Chris Boyer is one top chef! Boyer and his kitchen crew created a delicious and nutritious Christmas day feast for about 100 people at the Hope Rescue Mission, 745. N. 6th street, Reading, Pennsylvania.
He demonstrated how to fill the plates: a slice of ham, with pineapple, two slices of moist turkey, a spoonful of REAL, smooth mashed potatoes, a spoonful of lovely stuffing with all kinds of goodies in it, such as celery, a spoonful each of green beans, corn and yams.
“Fill up the plate,” Boyer said. “Each plate that comes out of here should look like this one. Make it full!”
Chris Lenich, the event organizer, is one top director! Dressed in a warm red sweater, black slacks and preserving her anonymity (until now) by not wearing a name tag, Lenich showed preparedness. The turnout for Thanksgiving day – the demand for meals – had been overwhelming, and she was determined to improve service in the dining room.
Volunteers from the community, who reported in at 10:30 a.m., covered the long tables with red, green and white coverings, made plastic tableware rollups for each place setting and set up the beverage and dessert station. Working like elves, they also dished out nuts, pretzels, rolls and cranberry portion cups, and sliced, cubed and plated cheese and Berks bologna until the hot meal was ready to serve. The deli trays looked like varieties of pizza, each done in a different pattern, until they were disassembled into smaller servings.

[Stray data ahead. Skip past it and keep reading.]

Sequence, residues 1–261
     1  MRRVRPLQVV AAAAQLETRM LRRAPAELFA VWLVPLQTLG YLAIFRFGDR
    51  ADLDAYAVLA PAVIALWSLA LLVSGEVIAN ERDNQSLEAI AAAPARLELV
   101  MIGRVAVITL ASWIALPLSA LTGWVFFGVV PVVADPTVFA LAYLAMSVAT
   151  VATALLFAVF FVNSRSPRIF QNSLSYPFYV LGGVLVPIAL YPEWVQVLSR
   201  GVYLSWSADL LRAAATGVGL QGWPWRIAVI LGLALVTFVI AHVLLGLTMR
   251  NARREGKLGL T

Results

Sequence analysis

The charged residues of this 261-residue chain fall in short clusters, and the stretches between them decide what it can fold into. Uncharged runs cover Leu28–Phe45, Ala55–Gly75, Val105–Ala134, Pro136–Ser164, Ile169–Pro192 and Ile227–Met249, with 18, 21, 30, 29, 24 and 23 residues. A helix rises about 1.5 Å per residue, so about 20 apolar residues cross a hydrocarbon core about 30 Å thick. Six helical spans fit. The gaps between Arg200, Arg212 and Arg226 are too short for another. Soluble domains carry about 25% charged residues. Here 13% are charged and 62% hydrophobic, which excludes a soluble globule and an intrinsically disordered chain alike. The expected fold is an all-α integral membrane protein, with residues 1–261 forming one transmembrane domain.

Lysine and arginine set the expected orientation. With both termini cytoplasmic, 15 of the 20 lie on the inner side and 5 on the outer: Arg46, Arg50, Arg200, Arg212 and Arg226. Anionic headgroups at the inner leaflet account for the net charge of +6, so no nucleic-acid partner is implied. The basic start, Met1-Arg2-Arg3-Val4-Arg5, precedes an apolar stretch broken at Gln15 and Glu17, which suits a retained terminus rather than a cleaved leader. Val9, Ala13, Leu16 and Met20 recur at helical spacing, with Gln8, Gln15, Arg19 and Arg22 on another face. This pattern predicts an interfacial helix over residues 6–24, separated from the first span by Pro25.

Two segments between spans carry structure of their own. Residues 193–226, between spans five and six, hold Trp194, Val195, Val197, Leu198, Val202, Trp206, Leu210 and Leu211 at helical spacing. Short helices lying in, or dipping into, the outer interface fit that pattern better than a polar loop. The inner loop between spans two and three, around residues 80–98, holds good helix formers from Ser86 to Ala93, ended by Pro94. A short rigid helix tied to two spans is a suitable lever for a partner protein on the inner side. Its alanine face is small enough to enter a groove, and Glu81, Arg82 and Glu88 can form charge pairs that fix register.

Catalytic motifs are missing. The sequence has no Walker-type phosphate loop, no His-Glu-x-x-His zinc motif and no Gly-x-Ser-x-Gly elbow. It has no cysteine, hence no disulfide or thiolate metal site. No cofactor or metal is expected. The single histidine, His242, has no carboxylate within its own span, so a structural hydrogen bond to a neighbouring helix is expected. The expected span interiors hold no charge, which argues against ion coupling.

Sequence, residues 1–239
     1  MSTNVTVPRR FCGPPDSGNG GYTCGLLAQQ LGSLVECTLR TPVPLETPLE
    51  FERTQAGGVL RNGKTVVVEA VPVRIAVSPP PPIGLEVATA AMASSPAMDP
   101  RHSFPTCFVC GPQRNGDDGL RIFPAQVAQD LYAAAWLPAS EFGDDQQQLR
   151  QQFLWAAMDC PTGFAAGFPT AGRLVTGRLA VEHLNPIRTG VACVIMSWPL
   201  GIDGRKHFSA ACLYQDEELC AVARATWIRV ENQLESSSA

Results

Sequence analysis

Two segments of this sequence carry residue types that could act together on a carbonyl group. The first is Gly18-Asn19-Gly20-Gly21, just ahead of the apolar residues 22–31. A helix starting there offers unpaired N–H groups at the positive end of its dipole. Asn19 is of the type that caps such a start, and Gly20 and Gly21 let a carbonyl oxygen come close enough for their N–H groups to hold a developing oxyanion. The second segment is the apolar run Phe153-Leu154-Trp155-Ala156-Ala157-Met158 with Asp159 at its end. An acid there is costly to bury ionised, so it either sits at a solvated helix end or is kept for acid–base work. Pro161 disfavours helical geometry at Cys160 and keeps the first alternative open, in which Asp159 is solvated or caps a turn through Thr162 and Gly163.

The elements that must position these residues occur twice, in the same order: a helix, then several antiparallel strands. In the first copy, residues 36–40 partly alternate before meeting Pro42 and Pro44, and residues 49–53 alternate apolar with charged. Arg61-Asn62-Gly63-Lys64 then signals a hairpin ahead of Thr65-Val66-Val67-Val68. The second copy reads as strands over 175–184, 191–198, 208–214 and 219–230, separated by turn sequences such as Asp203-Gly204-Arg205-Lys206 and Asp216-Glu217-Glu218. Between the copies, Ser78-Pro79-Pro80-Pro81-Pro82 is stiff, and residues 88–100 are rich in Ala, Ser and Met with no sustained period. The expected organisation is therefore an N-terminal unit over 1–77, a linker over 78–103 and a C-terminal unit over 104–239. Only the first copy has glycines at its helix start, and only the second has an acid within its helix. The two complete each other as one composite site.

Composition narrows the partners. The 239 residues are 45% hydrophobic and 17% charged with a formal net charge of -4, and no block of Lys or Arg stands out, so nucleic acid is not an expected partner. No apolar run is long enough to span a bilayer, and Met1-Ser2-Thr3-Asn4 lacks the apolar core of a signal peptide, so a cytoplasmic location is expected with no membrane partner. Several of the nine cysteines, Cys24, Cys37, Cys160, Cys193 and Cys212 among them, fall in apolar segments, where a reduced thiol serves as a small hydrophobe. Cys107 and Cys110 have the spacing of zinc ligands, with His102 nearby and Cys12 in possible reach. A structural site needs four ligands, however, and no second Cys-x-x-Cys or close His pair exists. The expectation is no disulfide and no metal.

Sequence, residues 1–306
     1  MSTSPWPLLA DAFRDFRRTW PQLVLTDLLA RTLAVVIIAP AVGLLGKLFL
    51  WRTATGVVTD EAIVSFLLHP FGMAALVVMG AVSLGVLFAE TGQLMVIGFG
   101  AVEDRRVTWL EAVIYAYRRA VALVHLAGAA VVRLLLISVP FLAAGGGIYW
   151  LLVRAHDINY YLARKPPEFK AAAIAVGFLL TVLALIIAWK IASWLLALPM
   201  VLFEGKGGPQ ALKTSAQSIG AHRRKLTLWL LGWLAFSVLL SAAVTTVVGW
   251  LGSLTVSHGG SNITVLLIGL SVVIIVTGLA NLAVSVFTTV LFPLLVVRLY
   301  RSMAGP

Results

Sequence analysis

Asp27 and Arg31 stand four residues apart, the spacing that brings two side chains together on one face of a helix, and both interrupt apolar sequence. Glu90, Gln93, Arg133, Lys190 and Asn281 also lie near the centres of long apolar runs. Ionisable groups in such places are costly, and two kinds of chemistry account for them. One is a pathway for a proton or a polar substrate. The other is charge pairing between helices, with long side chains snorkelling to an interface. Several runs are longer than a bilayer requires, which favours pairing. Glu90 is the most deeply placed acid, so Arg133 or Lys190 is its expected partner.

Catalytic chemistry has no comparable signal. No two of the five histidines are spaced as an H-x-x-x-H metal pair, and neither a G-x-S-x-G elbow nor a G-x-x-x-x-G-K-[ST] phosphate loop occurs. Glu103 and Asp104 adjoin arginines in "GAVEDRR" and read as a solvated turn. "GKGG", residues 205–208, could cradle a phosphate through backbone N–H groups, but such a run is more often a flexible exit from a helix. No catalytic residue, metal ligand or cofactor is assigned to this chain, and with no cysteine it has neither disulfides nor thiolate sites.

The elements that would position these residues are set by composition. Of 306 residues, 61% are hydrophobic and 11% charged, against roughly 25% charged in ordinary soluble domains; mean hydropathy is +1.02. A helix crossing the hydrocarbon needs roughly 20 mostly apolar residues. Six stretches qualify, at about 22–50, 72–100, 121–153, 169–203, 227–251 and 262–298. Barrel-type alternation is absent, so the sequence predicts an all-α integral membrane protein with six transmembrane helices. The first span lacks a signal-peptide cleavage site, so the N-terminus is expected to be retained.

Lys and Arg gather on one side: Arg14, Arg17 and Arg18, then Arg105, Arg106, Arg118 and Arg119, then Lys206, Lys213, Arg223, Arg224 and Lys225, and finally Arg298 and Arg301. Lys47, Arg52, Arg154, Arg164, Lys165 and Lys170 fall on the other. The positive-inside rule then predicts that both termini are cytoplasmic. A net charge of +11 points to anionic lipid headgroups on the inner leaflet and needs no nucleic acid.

Lenich gathered several people for the hot food serving room, where plates were to be served an carried out to the waiting diners.
“Be ready,” she said. “It’s going to get crazy. I want only adults in here.”
The volunteers worked out an efficient system for the line to get plates of hot food to the guests. Lori and Tiffany managed the meats, Lois ladled the gravy – just to provide a sample of the teamwork.
The children, who were very polite and helpful, served beverages, such as cider or iced tea or egg nog. Fifty-three men sat down at noon to eat and more came in as the hour progressed.
The diners were mostly men, residents of the facility which offers “A Hand Up, Not A Hand Out.” They did not have to say a word, it was a glad meal!
When I helped bus tables, I noticed the disposable plates that went into the trash can were nearly as clean as before they were filled.
Food was provided mostly through donations. Off to the side of the dining area were pallets filled with additional cans and boxes of food, because after Christmas, the need to feed the hungry continues, it never ends.
Lenich, who recently joined the Hope Rescue Mission staff, credits being unemployed with helping her find her way there. Next year, Lenich said, a new series of classes are planned through the Gateway program, to help the residents with daily living skills that will improve their lives. Daily chapel attendance is required of the residents.
For more information about the Hope Rescue Mission: